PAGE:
Malagurski "supports protests as a form of pressure on governments" and that "elections are important, but democracy works only if we create the conditions under which any elected official will have to make decisions". Malagurski believes that "every government makes decisions in favor of the people only when in fear of the public reaction". As a critic of neoliberalism, Malagurski believes that "resistance to neoliberalism is no longer a matter of ideology, but of common sense", and he advocates the inclusion of young people in politics, noting that most people in Serbia who share similar problems aren't united and can't recognize their common interest.

Malagurski was interviewed for Amir Zukić's talk show Pressing on N1 in which he expressed his condemnation of United States foreign policies, noting that "what the United States are doing to Muslims is far more deceitful than what the Nazis did to the Jews, because the Americans are telling Muslims that everything they do is for their own good." According to Malagurski, this shows how well developed the Western propaganda machine is, adding that "Joseph Goebbels would be fascinated by what the West has achieved." Malagurski also said that what people in the Balkans need is reconciliation and "to talk about what brings us together".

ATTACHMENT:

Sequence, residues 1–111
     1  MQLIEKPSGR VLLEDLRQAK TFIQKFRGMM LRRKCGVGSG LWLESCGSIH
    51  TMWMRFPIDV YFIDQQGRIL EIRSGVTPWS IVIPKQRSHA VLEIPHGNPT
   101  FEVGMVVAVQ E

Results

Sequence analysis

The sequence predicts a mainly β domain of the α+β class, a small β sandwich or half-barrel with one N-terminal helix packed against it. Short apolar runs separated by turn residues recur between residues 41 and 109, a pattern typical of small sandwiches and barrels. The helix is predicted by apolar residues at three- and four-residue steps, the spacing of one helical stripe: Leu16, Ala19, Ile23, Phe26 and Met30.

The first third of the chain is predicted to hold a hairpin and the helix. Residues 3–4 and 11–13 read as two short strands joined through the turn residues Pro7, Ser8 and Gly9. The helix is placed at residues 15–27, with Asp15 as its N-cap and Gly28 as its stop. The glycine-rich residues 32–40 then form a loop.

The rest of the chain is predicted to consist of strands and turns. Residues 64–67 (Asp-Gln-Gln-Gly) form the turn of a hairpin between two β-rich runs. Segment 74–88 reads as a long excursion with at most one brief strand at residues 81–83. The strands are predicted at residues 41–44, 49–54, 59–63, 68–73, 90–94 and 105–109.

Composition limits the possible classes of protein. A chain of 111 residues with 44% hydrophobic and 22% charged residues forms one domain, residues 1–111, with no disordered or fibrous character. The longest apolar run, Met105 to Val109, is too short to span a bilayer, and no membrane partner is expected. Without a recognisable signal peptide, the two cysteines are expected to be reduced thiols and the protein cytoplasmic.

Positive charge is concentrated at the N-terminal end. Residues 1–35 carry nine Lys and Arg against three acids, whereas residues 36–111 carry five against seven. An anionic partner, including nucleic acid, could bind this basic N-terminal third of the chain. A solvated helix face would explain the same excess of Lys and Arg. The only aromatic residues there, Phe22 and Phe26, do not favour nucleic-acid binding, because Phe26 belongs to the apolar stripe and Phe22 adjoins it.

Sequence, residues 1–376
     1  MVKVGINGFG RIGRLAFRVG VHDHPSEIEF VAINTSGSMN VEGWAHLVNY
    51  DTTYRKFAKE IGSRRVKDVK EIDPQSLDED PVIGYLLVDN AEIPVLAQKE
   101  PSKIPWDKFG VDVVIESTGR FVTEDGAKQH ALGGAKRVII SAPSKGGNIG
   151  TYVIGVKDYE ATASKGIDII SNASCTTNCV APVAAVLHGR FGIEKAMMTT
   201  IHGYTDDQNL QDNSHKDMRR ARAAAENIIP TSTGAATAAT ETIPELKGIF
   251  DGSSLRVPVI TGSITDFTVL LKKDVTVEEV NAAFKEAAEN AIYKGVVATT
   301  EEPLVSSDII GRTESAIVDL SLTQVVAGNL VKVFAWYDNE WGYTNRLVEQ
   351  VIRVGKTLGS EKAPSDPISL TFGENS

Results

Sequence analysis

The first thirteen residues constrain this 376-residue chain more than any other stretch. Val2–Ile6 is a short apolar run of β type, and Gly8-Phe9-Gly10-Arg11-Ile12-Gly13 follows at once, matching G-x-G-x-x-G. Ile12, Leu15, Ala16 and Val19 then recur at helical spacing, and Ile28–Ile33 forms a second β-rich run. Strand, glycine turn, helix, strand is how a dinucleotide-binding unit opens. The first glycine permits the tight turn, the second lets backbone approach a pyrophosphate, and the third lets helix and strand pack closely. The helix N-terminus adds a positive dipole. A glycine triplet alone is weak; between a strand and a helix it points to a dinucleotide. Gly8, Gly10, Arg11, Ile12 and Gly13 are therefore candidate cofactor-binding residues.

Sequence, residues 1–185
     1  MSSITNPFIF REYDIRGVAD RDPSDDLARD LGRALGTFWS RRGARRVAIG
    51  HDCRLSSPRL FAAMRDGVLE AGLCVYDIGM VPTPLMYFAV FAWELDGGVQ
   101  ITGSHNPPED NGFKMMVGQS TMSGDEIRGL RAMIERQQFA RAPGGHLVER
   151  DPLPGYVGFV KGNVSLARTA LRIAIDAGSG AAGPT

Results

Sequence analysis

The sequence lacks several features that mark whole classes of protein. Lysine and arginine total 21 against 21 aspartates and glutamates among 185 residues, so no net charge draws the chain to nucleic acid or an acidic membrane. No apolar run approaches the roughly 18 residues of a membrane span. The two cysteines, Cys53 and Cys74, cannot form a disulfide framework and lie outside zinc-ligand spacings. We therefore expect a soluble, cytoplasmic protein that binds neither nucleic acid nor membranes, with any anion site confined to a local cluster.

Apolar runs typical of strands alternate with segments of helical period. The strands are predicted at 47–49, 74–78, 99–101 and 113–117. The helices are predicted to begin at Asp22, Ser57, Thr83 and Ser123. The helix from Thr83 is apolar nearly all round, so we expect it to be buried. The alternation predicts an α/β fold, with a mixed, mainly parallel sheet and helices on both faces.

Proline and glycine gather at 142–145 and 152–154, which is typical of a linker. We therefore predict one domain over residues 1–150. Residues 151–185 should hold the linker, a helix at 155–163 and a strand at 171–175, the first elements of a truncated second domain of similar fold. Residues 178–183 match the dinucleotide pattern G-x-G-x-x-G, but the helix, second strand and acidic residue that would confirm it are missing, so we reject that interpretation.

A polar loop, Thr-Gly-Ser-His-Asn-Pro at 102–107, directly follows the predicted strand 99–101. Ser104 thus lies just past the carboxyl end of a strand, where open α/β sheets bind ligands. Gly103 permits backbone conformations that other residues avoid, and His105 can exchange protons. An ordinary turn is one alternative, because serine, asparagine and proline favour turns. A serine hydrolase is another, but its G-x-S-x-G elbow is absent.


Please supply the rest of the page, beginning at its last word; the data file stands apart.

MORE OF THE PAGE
Malagurski has also expressed views on Turkish politics, noting Recep Tayyip Erdoğan's "pursuit of repressive methods", Croatian politics, adding his support for Ivan Pernar and the Živi zid political party and Macedonian politics, arguing that "the West has made Macedonia an extremely vulnerable and divided country, and that as such it needs a miracle to survive, unfortunately."


In October 2011, Malagurski showed his film The Weight of Chains at the Jarinje barricades on the Kosovo-Serbia border, which he said was a show of support for the Serbs fighting for their rights in the disputed province.